Never mind Paxman's beard, as a pogonophile I know it’s the smooth of face who need watching

The question shouldn't be why do you grow a beard - but why do you shave?

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So now, thanks to Jeremy Paxman, we know what pogonophobia means – a fear or hatred of beards. Once you start with pogonic from the Greek – of or pertaining to a beard – there’s no end to the lexicological merriment you can have. Suddenly the world becomes full of experts and activities you had never before imagined.

Take a pogonologist: one who writes on beards, which is I suppose what I temporarily have become for the purpose of this column. Or a pogonotomist: one who cuts beards off, though by the sound of him he might just as well be a shaper of beards, much like a topiarist. In which case why not a pogonolagniac: one who indulges an abnormal, morbid, maybe sadistic, maybe masochistic, interest in beards. And pogonoleaginous: having an oily beard. And even pogonolandry: the practice of taking more than one bearded wife.

Myself, I think that Paxman’s beard – assuming he’s still got it – suits him greatly. It lends to his accustomed rebarbativeness a measured calm, as though he is angry now because he has wisely thought through and rejected all the reasons not to be, rather than because he is bored to death by the dull equivocations of his studio guests. Generally, bearded men are more magnanimous in their scorn, probably because they haven’t wasted time, or wounded themselves, shaving. “The smooth skinned are invariably choleric,” the Greek philosopher Pogonos wrote, “for the reason that they have looked too long into their own reflection while barbering. Happier are the hairy.”

Because it’s grey, his beard ages him a little – Paxman, I mean, not Pogonos – but age becomes most men. I grew my beard when I was about 18 partly in order to look older than my years, so hateful did I find it to look young. This must have been the minute I left school. The time had come to put away childish things and that included a face which bore no marks yet of experience. Somewhat like Dorian Gray’s in reverse, my face still retains that air of innocent expectancy beneath my beard – as I see when I occasionally shave it off – as though all the living I have done has taken place above it. Does that mean there is someone else under my beard? This would, if so, justify those who think a man grows a beard to hide something, though they might be surprised to discover that what it’s hiding is the fact of there being nothing after all to hide.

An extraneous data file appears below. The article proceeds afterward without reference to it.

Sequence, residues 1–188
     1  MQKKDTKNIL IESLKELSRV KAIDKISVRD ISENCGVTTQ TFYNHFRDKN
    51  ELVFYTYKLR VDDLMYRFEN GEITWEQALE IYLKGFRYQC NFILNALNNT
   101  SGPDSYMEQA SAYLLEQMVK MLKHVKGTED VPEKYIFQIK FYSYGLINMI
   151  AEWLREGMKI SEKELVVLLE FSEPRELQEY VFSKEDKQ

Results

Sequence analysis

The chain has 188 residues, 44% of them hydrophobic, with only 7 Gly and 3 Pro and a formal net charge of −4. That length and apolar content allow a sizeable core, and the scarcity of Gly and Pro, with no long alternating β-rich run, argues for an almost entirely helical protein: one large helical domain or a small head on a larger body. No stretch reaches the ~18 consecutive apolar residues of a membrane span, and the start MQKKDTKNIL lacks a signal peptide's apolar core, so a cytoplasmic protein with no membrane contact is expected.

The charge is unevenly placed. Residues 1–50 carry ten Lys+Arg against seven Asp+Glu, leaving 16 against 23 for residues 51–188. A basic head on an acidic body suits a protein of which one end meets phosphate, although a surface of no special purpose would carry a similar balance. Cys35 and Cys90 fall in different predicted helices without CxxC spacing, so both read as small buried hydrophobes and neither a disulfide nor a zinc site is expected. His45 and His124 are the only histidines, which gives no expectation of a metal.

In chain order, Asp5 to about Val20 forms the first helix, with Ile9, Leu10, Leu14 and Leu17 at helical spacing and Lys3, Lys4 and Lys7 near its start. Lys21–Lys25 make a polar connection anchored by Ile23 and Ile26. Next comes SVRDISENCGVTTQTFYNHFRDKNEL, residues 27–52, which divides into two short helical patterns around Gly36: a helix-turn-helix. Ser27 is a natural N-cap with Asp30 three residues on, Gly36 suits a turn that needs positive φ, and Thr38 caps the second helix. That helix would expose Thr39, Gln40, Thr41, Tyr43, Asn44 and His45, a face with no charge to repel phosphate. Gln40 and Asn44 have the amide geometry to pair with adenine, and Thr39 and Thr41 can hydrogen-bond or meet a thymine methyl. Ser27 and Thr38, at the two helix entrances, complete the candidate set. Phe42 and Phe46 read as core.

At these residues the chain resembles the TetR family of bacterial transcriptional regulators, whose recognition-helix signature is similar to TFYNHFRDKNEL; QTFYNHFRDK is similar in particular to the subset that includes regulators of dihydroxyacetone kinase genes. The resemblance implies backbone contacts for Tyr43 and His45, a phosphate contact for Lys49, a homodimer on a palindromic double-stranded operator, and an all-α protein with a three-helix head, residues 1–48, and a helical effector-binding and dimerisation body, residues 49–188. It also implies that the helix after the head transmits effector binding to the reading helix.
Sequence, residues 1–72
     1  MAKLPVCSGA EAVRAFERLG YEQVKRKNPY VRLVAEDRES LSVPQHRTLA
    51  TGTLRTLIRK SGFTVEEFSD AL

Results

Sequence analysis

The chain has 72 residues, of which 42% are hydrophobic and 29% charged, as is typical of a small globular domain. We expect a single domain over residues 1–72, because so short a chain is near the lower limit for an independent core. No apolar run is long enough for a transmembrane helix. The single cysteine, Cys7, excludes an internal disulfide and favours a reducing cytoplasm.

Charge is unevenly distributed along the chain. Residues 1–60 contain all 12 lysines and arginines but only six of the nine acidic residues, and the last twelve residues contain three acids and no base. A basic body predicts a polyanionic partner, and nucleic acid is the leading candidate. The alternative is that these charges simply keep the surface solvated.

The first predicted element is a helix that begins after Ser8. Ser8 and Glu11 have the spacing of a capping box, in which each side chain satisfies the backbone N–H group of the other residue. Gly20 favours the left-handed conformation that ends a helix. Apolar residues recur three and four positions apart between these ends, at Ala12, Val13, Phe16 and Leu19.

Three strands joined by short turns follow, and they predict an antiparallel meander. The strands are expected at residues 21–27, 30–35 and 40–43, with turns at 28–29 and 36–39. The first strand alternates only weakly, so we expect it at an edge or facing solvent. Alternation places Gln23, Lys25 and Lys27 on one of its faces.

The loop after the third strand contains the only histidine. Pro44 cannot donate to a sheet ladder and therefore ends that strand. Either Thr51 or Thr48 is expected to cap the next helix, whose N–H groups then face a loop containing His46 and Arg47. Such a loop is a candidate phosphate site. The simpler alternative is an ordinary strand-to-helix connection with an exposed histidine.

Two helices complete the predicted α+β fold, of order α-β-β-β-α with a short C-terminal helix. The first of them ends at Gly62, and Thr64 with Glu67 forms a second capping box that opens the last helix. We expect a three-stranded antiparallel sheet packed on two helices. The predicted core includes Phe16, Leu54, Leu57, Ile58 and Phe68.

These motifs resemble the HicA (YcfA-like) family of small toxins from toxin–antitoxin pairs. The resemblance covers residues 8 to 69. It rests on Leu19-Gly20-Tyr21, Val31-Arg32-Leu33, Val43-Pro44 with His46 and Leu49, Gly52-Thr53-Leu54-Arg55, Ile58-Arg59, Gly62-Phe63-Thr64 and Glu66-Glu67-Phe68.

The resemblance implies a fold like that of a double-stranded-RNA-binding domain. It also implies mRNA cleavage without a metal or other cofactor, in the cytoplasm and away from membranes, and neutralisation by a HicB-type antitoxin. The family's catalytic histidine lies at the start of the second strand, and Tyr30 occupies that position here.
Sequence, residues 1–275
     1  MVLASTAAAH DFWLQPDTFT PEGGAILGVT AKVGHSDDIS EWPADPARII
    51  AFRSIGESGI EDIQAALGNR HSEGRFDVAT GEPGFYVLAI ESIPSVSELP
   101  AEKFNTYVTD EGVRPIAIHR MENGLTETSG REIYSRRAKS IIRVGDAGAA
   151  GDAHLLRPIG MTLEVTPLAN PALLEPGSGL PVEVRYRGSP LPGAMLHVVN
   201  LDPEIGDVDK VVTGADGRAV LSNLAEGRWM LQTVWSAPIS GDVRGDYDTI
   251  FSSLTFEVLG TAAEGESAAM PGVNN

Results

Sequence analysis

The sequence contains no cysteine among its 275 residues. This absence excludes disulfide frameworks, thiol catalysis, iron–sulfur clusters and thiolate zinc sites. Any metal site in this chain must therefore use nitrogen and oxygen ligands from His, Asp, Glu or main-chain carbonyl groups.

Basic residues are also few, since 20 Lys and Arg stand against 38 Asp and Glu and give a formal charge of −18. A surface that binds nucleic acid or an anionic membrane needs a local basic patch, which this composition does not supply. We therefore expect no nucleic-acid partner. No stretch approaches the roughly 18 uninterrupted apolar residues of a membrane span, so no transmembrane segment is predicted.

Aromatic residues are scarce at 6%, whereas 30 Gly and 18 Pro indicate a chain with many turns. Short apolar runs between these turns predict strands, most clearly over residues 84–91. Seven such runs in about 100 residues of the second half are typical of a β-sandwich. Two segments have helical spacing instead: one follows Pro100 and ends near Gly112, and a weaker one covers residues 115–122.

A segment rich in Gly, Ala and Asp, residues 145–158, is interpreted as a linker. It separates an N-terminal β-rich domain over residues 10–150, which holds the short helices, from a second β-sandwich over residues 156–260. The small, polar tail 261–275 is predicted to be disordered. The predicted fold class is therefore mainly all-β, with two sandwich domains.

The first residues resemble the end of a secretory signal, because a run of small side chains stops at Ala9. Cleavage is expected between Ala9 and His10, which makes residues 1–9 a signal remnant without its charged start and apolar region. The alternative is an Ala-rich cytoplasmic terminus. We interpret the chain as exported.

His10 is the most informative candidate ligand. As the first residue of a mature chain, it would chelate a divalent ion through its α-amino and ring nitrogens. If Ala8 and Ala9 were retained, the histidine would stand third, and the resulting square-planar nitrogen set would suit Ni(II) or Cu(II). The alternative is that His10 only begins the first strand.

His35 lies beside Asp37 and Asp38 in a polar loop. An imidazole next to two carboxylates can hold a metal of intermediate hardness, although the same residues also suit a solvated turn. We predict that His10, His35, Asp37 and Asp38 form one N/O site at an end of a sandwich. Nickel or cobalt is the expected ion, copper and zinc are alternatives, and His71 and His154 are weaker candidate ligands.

I had other reasons for growing a beard. Call them dynastic. My father had one. As does my son. Though I didn’t want to work on the markets or drive a taxi like my father, I thought he presented a picture of exemplary manliness, with a touch of the rabbinic about his face, but also some entirely unspiritual comic gusto. He looked a little like James Roberston Justice, and even more like Peter Ustinov. Indeed he once found himself driving the Ustinov entourage in his taxi and so great was the likeness that they offered him work as Ustinov’s body double in the film Spartacus. “Land me a job as Marilyn Monroe’s body double and we’ll go to Hollywood together,” my mother said. But Marilyn wasn’t in Spartacus. Only Jean Simmons. And she didn’t seem worth leaving home for.

What I liked about my father’s beard, anyway, was how it moved when he laughed. The thing that upset me most as he lay dying was the sight of his beard pointing upwards – like John Donne’s if you imagine him recumbent in his shroud – as if the world below had no more use for it. If a living beard is a thing of plenty, a celebration of nature’s gifts, then a dying beard is cruelly redundant. I never found out whether it was shaved off him before he was buried, or whether it was left to fall away with his flesh. Perhaps it’s still there, enjoying an independent non-existence.

It was said of me by my enemies when I first taught at a university that I grew a beard because D H Lawrence had one. Nothing could be further from the truth. I didn’t like Lawrence’s beard. It was too sexuo-spiritual for my taste. There was too much intent and pedantry about it, and finished too far from his chin. You can always tell an erotic disciple-seeker’s beard: it doesn’t know when to stop. Had I wanted to model my beard on any novelist’s it would have been Joseph Conrad’s  – a melancholy, well-travelled, utterly unillusioned seaman’s beard. Or the one Henry James sported for a while –  the beard of a man who thought he hadn’t lived enough but was prepared to die trying. A beard should be accepting of human limitations, sceptical but sympathetic, and a little sad.

But the mystery of beards altogether is that it’s the growers of them who are questioned as to their motives. Given that a beard will happen of its own accord, shouldn’t it be those who interfere in the process that we ought to be interrogating? Not why do you grow, but why do you shave? I grow because I can’t bear the fag of shaving. Now you explain yourself. We will very quickly, I suspect, find vanity at the root of clean-shavenness, or if not vanity neurosis. All that work for what? To look like David Beckham who reputedly shaves every other inch of his person as well? And having shaved himself to resemble a muscular baby, gets someone else to draw on him with a needle. Tell me that’s not sick.

Esau, you will remember, was a hairy man. You will also remember that it was his brother Jacob, a smooth man, who soft-talked his way into Esau’s inheritance. The smooth do that. For all their hard-scraped air of transparent affability, it is they, not the bearded, who have something to hide.

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